[Carpenter 1992] presents a logical formalism that comprises an algebra of feature structures and a syntax of descriptions. [Carpenter 1992] uses feature structures to model partial information about empirical objects, and interprets descriptions as true or false of feature structures. [Carpenter 1992] then presents a number of extensions to this formalism, and applies some of them to unification-based phrase structure grammars, definite clause programmes, and recursive type constraints.
[Carpenter 1992] imposes a condition called feature introduction in order to well define a function called type inference. In our paper, we argue that the feature introduction condition is undesirable. We slightly modify [Carpenter 1992]'s type inference function so that we can well define type inference regardless of the feature introduction condition, and we show that if the feature introduction condition holds then our modified type inference function reduces to [Carpenter 1992]'s original.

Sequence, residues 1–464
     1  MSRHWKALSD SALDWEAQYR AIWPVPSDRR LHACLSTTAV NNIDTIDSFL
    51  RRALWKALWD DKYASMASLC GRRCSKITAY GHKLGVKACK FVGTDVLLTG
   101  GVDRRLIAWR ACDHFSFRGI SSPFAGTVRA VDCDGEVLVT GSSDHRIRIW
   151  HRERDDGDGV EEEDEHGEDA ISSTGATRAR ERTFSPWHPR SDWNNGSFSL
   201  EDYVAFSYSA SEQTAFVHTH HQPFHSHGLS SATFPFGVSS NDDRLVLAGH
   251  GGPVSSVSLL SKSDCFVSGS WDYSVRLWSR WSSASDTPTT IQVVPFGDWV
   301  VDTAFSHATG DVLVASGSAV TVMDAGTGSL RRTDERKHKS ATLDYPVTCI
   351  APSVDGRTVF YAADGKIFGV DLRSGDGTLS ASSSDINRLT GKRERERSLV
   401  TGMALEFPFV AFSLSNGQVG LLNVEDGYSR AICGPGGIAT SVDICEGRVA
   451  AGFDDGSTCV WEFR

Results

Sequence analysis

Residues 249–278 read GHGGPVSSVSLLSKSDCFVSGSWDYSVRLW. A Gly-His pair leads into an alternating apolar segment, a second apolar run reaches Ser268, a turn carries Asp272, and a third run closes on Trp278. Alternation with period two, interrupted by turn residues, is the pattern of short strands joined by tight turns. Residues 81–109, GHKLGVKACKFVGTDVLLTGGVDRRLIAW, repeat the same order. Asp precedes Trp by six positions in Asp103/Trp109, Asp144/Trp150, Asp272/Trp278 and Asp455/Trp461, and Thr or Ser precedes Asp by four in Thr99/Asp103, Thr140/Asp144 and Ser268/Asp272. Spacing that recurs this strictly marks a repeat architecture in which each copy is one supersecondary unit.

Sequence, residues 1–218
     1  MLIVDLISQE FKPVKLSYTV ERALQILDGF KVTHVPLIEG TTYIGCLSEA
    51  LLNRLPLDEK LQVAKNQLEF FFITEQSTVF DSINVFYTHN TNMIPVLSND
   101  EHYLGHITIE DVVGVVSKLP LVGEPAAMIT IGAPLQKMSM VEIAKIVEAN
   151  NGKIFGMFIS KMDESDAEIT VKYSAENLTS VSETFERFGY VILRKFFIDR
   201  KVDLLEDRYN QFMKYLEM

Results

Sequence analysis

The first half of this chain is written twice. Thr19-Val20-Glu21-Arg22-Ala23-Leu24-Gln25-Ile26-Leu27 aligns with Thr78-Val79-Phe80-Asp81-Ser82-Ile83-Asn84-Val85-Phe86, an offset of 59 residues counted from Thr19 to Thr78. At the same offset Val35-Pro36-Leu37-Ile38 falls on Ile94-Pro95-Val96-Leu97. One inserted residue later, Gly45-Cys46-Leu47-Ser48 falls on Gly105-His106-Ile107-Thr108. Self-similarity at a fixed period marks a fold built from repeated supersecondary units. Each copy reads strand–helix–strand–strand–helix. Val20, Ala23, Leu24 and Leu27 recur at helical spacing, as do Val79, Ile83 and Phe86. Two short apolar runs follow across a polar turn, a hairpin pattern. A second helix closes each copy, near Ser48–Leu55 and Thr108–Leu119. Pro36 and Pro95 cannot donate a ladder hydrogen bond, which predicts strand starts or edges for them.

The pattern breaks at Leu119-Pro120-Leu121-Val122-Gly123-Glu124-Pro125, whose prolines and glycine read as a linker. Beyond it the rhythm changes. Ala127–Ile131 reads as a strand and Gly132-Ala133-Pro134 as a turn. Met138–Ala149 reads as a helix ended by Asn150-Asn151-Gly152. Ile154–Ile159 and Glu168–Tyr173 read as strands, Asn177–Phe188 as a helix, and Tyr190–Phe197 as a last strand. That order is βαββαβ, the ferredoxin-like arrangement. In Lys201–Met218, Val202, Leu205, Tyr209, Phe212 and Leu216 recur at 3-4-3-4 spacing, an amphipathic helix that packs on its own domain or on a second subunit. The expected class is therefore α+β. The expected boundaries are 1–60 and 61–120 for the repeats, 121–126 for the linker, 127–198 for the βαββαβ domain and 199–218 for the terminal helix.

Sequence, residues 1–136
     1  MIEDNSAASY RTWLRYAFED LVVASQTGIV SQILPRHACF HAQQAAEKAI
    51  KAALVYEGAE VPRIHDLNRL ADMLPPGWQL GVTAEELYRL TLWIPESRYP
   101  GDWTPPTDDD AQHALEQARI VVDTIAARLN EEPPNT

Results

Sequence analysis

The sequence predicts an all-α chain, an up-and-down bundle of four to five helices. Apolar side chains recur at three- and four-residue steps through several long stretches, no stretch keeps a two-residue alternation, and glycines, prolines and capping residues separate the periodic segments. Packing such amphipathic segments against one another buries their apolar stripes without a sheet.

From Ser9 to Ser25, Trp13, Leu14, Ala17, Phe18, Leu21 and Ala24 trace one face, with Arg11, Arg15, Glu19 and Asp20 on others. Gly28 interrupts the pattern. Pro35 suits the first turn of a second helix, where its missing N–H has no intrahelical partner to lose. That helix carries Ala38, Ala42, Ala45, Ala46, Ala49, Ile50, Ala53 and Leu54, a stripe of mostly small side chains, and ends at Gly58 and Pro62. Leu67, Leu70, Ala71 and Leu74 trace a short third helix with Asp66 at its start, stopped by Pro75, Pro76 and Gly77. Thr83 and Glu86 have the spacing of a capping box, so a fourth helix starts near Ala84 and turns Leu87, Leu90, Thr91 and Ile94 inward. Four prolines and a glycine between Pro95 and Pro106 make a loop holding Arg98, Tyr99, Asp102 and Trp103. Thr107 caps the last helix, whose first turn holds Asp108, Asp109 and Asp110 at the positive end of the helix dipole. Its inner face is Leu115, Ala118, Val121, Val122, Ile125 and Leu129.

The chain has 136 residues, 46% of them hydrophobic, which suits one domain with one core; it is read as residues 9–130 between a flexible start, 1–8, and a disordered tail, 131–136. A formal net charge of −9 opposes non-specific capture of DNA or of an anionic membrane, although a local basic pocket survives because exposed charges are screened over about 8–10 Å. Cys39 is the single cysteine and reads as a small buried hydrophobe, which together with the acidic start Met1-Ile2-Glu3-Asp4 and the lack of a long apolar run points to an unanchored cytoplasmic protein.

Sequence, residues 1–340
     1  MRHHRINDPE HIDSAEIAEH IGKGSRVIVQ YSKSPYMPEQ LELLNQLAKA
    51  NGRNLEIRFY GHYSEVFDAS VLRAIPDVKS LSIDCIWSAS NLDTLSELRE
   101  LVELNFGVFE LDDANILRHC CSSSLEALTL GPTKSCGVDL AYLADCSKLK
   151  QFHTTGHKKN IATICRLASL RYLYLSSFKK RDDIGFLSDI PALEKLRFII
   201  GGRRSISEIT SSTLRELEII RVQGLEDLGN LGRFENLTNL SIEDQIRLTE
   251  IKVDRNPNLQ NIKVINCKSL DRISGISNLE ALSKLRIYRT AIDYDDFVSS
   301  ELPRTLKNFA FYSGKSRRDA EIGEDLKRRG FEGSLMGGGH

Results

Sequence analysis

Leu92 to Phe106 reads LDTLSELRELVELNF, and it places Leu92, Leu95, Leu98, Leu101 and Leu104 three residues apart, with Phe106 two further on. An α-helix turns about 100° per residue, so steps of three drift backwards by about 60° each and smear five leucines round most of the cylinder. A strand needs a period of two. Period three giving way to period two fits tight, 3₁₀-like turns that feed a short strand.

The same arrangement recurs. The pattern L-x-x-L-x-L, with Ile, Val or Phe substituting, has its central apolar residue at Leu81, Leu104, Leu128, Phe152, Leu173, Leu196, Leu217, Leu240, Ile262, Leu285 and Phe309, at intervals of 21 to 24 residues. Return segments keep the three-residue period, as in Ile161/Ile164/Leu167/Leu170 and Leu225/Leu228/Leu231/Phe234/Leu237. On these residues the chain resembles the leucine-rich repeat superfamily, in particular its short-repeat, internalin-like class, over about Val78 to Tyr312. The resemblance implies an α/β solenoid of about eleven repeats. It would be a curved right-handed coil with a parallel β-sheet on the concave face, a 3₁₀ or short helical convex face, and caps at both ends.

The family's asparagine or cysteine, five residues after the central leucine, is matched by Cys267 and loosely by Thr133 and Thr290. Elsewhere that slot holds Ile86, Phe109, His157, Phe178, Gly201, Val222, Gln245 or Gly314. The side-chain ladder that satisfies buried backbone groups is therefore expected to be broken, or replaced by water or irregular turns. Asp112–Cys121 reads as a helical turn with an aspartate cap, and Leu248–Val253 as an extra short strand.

We structure our paper as follows. Section 1 retrospects, expands upon and illustrates those parts of [Carpenter 1992] relevant to our paper, section 2 criticises the feature introduction condition, and section 3 presents our type inference function. Appendix A contains the standard mathematical definitions and results needed for our paper.